An investigator affirms to possess the original of a Goya self portrait presently hung at El Prado and denounces that the museum has rejected the possibility of comparing paintings.
“The self portrait of Goya acquired by El Prado in 1995 is a fake”.
This is affirmed by the art promoter Jose Oriol Sierra, who claims to have located the original in the hands of a Catalan collector. After more than two years of investigations Serra affirms that the canvas is a unique “Capricho” that the genius from Fuendetodos gave aS a gift to the Duchess of Alba and denounces that Manuela Mena, who is responsible for Goya’s works at the Prado, has rejected the possibility of comparing both oleos.
Madrid. Rosa Valdelomar.
For art promoter Jose Oriol Sierra, the mere observation and comparison of each of the two self portraits of Goya, the one at the Museo del Prado and that of the Catalan collector, is enough in order to confirm his theory. Despite of its conservation state, which is not very good, the Catalan self portrait is much superior than the copy the Prado has -assures Oriol- that in the later the profound and genial melancholy are absent, neither the richness of the colorful shirt.
From the technical stand point there is also a great difference which can be appreciated in the green background. To demonstrate this, Oriol surprised the reporters he had previously given appointment to in a well known Madrilean restaurant, extracting the Catalan Goya from an attaché and comparing it right there, in situ, with a color reproduction of the canvas at el Prado. He did not, however, allowed the Press to photograph the painting.
But Oriol’s thesis is not solely sustained upon the comparison of both paintings. “In the year 1989 the self portrait that the Prado has was auctioned in Madrid for a very low price, it was adjudicated for 30 million pesetas and right then the authorship of Goya was questioned.” Six years later Prado bought it from the Villaescusa state at a much higher price, granting as sufficient warranty of authenticity the painting’s provenance, when in this case, such provenance is more than a reason to question the authenticity instead of guarantee it”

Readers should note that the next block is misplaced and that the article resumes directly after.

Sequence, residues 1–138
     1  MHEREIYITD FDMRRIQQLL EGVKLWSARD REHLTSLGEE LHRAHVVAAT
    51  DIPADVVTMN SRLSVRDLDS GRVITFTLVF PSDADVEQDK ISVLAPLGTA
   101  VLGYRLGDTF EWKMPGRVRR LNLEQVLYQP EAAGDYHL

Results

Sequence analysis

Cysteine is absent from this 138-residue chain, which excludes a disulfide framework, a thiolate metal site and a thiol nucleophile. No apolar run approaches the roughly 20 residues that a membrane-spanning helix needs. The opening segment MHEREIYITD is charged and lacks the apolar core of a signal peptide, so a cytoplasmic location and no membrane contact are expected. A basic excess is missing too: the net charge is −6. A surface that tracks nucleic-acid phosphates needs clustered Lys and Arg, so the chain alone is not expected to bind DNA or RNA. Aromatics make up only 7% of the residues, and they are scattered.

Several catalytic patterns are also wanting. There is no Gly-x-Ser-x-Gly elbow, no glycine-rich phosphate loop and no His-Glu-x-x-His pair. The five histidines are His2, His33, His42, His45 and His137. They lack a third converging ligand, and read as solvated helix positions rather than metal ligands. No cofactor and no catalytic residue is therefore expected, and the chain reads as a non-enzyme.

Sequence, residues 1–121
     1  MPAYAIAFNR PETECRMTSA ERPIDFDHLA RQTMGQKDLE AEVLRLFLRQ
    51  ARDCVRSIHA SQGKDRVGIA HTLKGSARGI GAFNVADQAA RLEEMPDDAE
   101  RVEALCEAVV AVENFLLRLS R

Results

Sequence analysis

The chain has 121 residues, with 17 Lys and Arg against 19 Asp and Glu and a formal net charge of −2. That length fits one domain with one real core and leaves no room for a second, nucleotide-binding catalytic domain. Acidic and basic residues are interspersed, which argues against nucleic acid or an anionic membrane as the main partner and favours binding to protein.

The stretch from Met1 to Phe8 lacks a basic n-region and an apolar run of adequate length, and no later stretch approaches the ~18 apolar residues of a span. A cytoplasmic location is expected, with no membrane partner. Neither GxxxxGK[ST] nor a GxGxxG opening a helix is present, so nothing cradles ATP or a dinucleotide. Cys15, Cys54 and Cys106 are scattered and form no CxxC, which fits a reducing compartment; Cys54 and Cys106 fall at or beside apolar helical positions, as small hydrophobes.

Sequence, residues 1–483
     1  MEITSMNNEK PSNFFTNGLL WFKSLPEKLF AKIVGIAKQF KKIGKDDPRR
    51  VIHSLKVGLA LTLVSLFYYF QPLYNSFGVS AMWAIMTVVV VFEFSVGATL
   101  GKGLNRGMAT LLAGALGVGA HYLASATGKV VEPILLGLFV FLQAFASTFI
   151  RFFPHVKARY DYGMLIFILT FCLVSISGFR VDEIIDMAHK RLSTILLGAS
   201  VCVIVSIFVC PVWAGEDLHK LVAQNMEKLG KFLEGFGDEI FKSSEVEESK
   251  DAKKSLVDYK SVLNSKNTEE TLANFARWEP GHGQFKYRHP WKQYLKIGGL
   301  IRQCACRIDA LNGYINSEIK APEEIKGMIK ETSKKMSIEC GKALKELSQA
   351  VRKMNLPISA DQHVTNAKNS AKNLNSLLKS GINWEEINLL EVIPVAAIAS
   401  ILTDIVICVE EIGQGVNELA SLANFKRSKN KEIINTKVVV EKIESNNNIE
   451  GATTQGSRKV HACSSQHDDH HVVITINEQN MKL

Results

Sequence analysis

According to Oriol this self portrait was a personal gift from Francisco de Goya to the XIII Duchess of Alba, with whom he was in love. At the Duchess’ demise, which was in 1802, her state was distributed among her trusted personal staff; among them was Tomas Berganza, the Duchess' administrator.
But the fighting over the inheritance began the very next day after her death. At that moment, copies of several Goyas were made for selling because the cash was not liquidated until 40 years later and by them a lot of interest already existed for the work of Goya. And there is documented evidence of the existence of those copies. The House of the Duke of Berwick, for instance, complained about the fact that the inheritors of the Duchess of Alba had given them copies of paintings passing them on as originals. I do believe that the Goya of the Berganzas is nothing more than a copy that has been considered as authentic since the first exposition that this artist realized in Madrid in 1900. The trail of the original, on the other hand, had been lost, until now.
The key of the “Caprichos.”
Oriol not only wants to vindicate the authenticity of the Catalan Goya, but also to demonstrate the importance of this self portrait. “Until now it has not gone unnoticed that this canvas measures exactly the same as the “Caprichos” engravings (18 X 12).” I believe that this self portrait is an unique “Capricho” that Goya wanted to give as a present to his loved one. It is painted with nobility and seriousness and it is signed on the back of the canvas that he is painting. When the original from Goya was copied, the existing dirt already hid this signature and that is why the canvas of El Prado has a very rough signature and in a place where Goya didn’t usually signed. The fact that he signed at the dorsum of the painting has to be interpreted as to induce to turn the painting, if this is done, in the Catalan Goya a letter “P” of "Paco" or "Pintor" with the calligraphy of the epoch appears. Letter that the Prado copy has NOT. Oriol believes that with this letter Goya invites to unravel the “Caprichos” referring to the horizontality of the texts versus the verticality of the images.
Once his investigations done, Oriol sought to organize a congress of specialists, but he first wanted to be the Prado the first in knowing his thesis. Fernando Checa (El Prado's director a that time) did NOT received him and Manuela Mena did, but she refused to compare both paintings! End.
P.S.(Article appeared in the ABC of Madrid on 23/5/01)
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